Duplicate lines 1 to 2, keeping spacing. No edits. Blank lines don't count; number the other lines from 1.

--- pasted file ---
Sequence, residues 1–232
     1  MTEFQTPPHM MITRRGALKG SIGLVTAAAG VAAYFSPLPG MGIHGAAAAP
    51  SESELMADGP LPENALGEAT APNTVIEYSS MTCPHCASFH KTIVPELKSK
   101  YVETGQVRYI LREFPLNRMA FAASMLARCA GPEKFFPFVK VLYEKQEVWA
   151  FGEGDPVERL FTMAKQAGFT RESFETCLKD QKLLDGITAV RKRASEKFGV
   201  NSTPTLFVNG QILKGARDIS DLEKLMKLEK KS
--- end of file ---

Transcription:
Sequence, residues 1–232
     1  MTEFQTPPHM MITRRGALKG SIGLVTAAAG VAAYFSPLPG MGIHGAAAAP